The time has come for watermelons, which have appeared on the shelves of supermarkets and in grocery stores, which, you see, pleases the eye and encourages you to try a juicy and cool slice that perfectly quenches your thirst in the heat.
As you know, summer = watermelon. There is no other fruit (berry) that would receive the same unconditional recognition of all consumers, from small to large.
However, sometimes it is not always possible to choose a sweet and juicy watermelon, that is, “it is not necessary once at a time” and it is always a “lottery”, the result of which can please or disappoint (and sometimes even harm!).
Let’s start with how to choose the right great watermelon.
Here are some simple secrets.
Pay attention to the yellow part of the berry. This is the barrel of the watermelon on which it grew in the field until it was time to collect it from the melon.
In ripe watermelons, this spot is creamy yellow or even orange yellow. On the other hand, “unripe” watermelons at this stage have a whitish color.
Look for brown markings
They show that bees have touched the pollinators of the flower many times. The more bees do this, the sweeter the watermelon.
How to tell the gender of a watermelon, a “boy” from a “girl”
Few people know about this, but manufacturers distinguish watermelons by “gender”. For example, “boys” are larger, have an elongated shape and are juicier. “Girls” are rounder and sweeter in taste. Girls on the side opposite to the peduncle (tail) have a wider brown spot. For “boys” it is practically one small dot.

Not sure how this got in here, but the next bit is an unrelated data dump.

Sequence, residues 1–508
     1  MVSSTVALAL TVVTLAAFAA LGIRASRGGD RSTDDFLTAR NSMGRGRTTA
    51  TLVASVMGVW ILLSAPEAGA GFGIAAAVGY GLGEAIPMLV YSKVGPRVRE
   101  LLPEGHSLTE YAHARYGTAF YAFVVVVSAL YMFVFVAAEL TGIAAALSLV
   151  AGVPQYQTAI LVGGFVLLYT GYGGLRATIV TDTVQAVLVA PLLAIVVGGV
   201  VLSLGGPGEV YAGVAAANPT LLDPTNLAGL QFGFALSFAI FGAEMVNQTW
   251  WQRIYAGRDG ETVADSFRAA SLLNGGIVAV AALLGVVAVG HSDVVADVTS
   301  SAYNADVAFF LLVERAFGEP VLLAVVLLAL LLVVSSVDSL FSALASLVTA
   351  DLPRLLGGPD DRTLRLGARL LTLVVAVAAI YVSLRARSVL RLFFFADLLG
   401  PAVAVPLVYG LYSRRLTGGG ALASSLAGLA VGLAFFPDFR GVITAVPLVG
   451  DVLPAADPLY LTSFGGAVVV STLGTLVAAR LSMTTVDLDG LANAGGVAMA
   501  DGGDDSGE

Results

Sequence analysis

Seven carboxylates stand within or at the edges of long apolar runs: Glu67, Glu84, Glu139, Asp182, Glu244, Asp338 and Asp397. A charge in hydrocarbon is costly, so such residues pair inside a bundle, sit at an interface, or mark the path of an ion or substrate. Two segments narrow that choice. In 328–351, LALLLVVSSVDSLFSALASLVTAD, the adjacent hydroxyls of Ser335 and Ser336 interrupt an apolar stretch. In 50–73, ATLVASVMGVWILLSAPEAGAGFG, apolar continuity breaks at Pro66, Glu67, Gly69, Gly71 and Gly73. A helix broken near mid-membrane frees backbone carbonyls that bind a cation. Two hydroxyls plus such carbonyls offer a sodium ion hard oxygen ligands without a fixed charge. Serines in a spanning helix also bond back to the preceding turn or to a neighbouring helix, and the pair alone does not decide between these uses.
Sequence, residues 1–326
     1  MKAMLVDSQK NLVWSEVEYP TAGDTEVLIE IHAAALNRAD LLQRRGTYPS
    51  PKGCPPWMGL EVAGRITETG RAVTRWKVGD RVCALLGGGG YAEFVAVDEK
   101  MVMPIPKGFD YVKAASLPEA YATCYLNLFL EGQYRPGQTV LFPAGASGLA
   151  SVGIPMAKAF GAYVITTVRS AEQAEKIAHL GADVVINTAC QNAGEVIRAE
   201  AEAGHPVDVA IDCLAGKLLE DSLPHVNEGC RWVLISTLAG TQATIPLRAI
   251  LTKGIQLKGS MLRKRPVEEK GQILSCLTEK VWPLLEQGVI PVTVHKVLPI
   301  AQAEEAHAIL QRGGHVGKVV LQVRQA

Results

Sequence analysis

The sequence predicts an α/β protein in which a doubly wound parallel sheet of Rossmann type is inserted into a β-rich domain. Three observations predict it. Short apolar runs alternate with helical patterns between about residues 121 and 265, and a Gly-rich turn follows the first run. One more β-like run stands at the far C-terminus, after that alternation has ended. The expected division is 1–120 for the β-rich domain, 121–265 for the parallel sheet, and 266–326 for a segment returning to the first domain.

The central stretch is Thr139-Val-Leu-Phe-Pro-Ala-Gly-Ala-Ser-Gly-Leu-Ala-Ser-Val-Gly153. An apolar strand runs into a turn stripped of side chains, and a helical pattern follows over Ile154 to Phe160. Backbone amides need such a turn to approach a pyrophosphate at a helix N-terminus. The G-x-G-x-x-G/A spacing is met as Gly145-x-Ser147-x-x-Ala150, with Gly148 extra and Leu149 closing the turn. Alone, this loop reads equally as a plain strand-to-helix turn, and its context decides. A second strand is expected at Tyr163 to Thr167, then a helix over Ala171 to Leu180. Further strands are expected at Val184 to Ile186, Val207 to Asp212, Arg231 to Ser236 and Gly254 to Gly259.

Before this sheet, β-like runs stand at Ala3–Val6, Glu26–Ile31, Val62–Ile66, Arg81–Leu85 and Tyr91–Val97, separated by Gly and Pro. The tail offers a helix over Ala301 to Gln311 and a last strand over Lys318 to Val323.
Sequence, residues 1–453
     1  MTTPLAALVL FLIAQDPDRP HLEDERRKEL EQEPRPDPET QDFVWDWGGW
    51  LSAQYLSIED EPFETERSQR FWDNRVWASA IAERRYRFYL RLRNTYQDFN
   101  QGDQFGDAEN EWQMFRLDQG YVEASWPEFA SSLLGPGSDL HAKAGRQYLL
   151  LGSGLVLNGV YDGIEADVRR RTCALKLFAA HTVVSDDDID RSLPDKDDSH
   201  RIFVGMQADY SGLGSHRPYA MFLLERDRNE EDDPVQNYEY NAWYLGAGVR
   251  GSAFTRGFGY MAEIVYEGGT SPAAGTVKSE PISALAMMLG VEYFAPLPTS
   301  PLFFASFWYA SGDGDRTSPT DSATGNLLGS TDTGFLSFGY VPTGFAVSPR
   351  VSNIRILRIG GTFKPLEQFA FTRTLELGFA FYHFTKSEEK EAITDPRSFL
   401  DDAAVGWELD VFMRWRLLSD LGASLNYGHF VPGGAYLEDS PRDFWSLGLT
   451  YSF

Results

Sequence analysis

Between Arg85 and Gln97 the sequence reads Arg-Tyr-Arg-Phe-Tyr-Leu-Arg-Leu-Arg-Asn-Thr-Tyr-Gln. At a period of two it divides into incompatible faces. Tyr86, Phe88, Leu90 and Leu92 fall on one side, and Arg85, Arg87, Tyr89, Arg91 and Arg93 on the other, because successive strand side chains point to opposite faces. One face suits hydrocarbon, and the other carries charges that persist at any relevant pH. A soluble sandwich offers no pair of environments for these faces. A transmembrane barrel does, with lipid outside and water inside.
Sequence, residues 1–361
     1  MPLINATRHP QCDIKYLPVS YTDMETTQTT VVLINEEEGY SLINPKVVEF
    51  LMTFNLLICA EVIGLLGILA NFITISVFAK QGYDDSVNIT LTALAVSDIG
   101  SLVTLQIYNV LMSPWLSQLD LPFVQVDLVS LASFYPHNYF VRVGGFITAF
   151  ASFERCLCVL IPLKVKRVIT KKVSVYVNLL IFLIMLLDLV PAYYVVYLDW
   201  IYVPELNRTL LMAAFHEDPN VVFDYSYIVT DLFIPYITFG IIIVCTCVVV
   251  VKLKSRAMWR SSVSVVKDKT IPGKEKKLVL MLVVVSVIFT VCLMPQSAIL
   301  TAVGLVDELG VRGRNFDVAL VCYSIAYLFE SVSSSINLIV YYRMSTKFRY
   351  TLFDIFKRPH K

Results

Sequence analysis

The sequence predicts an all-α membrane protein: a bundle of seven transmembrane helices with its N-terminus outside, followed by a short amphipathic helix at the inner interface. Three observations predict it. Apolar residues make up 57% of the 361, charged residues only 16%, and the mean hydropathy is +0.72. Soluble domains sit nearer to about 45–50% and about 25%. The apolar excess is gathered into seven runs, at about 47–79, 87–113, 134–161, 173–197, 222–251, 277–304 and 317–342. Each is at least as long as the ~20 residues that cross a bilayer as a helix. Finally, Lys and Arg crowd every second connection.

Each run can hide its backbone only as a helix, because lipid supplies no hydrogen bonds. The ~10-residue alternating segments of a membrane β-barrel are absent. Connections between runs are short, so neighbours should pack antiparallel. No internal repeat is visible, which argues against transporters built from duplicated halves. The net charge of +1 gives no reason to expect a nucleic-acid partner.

Size matters (s) in watermelons
Give preference to neither large nor small. Choose from those that are medium in size. But the most important thing is to feel that it is heavier than it seems for its size.
Pay attention to the “ponytail”
If it is dry, then the watermelon is ripe. But if it is greenish, then the watermelon was probably prematurely removed from the melon.
And finally, important information. How to avoid watermelon poisoning?
You can get poisoned not only with “nitrate” watermelon. A bacterial infection that has penetrated into a “healthy” ripe watermelon from the outside can also lead to poisoning. Chopped and cut berries are a potential hazard. After all, we do not know whether the knife with which the cut was made was clean, whether the seller washed his hands, and how long the cut watermelon spent on the street.
Therefore, if you decide to buy a watermelon, do not ask the seller to cut it, but take it home whole. To avoid poisoning, do not buy it from sellers on the “road” or spontaneous market.
In centralized markets, melons and gourds undergo laboratory tests, about which a certificate is issued to the seller. If desired, each buyer can familiarize himself with it.